Wednesday, September 27, 2006

Only the Lonely


Q. I often have trouble placing the word only in a sentence. Any hints?

A. You and millions of others. Only can be used as an adjective (an only child) or as a conjunction (I would have stayed, only they told me to go), but it's the adverb only which can lead to unintended consequences. The rule is that it must be placed as close as possible to the term it modifies. Check these examples to see how position affects meaning:

• Only my brother buys pork rinds. [No one else in the family]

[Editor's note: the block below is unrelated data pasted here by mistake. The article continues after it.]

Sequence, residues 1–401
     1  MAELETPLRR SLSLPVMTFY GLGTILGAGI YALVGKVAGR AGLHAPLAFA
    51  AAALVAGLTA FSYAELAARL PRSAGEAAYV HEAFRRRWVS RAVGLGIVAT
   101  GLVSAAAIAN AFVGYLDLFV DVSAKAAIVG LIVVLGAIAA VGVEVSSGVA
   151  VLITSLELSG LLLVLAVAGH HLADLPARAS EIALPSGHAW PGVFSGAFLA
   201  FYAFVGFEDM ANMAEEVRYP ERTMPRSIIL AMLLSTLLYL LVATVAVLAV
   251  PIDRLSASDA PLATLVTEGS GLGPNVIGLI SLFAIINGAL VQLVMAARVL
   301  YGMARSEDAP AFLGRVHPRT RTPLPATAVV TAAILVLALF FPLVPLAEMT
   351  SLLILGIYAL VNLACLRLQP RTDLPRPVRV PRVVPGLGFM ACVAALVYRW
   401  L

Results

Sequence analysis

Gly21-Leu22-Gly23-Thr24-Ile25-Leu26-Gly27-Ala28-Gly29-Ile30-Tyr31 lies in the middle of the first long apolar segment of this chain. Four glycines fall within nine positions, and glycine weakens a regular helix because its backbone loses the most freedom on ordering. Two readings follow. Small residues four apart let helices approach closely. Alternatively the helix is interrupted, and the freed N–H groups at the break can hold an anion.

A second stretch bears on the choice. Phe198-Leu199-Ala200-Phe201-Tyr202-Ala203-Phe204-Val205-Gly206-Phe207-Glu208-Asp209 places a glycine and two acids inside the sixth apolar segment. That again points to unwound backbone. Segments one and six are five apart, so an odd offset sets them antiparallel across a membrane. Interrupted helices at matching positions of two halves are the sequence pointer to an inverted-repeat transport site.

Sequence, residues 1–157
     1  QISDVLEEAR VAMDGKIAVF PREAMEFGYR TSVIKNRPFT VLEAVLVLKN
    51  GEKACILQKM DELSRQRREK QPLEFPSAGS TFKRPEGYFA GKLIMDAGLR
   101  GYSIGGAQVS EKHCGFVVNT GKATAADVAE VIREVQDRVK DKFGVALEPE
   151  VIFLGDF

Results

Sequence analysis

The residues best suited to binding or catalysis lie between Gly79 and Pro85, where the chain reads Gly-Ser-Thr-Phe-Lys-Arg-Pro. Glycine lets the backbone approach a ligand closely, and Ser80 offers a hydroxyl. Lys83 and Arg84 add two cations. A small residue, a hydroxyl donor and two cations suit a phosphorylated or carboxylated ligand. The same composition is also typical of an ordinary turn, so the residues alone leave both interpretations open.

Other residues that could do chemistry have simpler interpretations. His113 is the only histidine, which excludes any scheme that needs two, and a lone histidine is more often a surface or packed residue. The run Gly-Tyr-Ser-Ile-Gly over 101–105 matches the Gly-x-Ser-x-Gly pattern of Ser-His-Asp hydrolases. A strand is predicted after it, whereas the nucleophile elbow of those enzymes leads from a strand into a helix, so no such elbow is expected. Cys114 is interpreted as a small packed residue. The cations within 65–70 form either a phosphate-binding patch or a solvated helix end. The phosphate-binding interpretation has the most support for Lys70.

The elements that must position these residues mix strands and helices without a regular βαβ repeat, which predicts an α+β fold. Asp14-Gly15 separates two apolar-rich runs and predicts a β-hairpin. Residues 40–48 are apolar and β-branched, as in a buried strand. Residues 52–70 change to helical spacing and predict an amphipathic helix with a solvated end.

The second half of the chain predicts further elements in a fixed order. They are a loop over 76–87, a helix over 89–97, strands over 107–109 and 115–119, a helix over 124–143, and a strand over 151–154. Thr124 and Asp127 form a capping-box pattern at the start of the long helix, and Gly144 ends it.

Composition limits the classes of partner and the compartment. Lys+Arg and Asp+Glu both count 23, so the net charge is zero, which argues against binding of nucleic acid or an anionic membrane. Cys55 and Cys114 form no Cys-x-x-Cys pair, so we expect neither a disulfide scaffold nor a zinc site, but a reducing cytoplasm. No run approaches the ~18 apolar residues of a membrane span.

• My only brother buys pork rinds. [I don't have another brother--adjective]
• My brother only buys pork rinds. [He doesn't eat them]
• My brother buys only pork rinds. [Nothing else in the shopping bag]
• My brother buys pork rinds only. [Nothing else in the shopping bag]

The most likely meaning is the first, so only is placed right in front of my brother to make that clear. Of course, depending on the brother/sister count in your family, the second sentence could be a contender, too; context would be the deciding factor.


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